Linked by Thom Holwerda on Mon 31st Oct 2011 12:25 UTC
Linux "Red Hat, Canonical and the Linux Foundation have laid out a set of recommendations for hardware vendors in hopes of preserving the ability to install Linux on Windows 8 machines. Windows 8 machines should ship in a setup mode giving users more control right off the bat, the groups argue." Group hug-cheer combo for Red Hat, Canonical, and the Linux Foundation please.
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WorknMan
Member since:
2005-11-13

So how is a purchaser supposed to know if they board they want to purchase has the forced feature disabled or not? Is it required as part of the packaging? Or someone is just "supposed to know" what they are getting supports the "off switch"?


Since there are motherboard manufacturers who cater to hardcore gamers that like to run multiple video cards and overclock their CPUs, I'm pretty sure that a few of them will make boards with this option turned off, and will advertise that fact. Afterall, I'd like to think there are at least as many Linux users out there as hardcore gamers.

Sure, this may prevent major OEMs from offering 'Windows 8 certified' machines that can run Linux, but let's be realistic... if desktop Linux hasn't yet caught on to the point where major OEMs want to pimp it, it probably never will. It's always going to be an OS primarily used by geeks.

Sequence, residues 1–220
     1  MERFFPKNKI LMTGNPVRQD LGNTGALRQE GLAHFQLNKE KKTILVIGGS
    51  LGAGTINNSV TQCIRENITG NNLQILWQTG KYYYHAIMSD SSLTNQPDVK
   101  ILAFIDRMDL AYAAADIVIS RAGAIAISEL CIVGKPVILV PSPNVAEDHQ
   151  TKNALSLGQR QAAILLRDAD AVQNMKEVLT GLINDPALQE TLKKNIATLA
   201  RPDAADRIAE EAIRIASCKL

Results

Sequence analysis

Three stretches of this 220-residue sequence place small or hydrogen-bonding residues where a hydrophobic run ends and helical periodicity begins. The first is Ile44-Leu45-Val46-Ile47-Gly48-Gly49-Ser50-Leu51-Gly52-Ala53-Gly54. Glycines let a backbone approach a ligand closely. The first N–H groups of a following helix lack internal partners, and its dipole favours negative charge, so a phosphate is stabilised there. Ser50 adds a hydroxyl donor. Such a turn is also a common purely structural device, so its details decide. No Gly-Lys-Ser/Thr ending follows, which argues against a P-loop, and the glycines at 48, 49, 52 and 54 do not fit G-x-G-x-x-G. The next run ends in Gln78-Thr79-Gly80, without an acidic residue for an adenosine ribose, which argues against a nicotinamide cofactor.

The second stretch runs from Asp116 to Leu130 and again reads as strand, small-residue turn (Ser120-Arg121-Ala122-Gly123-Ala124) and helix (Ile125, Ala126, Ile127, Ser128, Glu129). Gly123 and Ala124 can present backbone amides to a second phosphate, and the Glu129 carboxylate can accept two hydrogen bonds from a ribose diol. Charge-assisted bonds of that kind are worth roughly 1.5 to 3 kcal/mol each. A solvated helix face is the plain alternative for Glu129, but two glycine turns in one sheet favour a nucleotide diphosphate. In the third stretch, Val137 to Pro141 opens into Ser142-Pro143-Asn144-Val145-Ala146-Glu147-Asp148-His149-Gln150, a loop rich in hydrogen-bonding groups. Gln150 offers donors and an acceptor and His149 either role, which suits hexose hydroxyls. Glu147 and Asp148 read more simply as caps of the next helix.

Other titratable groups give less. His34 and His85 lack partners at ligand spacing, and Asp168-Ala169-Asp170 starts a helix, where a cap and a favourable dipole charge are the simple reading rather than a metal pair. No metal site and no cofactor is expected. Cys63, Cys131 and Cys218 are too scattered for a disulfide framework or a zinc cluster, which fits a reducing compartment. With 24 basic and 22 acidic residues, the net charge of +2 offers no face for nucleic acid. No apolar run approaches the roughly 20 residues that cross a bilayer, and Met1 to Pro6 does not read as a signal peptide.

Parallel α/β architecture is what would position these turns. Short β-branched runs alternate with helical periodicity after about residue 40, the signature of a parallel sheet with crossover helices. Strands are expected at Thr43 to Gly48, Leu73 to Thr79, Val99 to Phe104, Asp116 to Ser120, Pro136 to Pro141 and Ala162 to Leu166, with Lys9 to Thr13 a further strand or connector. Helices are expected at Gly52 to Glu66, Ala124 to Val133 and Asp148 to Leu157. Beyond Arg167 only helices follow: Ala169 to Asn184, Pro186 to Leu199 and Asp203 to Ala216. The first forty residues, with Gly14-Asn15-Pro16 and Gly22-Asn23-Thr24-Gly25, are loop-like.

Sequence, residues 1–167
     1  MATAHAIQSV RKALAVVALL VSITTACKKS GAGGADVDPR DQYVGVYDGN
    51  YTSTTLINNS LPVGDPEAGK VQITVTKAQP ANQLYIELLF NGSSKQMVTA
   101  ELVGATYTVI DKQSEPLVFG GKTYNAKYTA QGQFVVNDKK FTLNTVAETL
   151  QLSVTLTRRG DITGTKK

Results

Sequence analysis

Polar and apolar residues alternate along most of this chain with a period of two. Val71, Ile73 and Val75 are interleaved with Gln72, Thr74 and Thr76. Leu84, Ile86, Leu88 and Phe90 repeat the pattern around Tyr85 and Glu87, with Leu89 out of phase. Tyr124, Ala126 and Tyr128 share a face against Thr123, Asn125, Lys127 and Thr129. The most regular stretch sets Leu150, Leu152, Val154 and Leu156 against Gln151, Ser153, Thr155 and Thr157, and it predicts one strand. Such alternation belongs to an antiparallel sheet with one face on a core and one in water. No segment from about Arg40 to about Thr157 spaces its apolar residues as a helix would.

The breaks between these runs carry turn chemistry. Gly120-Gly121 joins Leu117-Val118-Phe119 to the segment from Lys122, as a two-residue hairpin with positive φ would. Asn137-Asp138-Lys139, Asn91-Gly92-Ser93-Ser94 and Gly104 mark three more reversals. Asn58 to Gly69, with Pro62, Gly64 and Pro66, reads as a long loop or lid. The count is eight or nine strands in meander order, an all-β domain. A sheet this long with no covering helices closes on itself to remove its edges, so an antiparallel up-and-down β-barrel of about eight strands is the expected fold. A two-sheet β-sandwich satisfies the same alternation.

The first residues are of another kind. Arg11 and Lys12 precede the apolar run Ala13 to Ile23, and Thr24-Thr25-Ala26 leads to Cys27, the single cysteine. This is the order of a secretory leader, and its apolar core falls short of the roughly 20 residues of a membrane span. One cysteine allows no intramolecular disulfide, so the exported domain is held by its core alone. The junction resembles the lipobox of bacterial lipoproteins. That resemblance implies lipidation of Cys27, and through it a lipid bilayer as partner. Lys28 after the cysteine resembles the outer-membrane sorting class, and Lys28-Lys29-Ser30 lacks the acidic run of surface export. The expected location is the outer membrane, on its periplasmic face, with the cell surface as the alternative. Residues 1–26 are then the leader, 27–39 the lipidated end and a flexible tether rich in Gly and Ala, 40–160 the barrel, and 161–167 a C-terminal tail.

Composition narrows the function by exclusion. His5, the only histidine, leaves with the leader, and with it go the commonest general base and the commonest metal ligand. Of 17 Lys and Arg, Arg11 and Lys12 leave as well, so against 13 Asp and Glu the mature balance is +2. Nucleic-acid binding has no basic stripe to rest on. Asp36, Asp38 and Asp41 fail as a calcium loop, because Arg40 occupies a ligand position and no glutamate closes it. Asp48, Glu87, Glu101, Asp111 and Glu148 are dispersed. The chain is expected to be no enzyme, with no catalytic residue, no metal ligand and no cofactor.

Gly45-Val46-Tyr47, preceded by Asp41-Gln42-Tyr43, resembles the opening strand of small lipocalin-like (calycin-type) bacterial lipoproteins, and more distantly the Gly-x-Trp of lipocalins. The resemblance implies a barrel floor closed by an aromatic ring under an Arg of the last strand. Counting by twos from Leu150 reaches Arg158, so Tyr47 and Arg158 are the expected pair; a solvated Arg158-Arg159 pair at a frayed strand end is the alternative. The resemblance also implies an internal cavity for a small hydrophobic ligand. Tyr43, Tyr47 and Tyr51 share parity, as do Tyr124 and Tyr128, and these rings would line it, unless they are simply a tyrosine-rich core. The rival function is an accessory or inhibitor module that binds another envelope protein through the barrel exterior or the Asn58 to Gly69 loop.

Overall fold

Reply Parent Score: 1

tomcat Member since:
2006-01-06

Sure, this may prevent major OEMs from offering 'Windows 8 certified' machines that can run Linux,


No, wrong. All that an OEM has to do is implement UEFI in its entirety. It doesn't have to turn it on.


but let's be realistic... if desktop Linux hasn't yet caught on to the point where major OEMs want to pimp it, it probably never will. It's always going to be an OS primarily used by geeks.


You do realize that you've just insulted somebody's religion, right? ;-)

Reply Parent Score: 2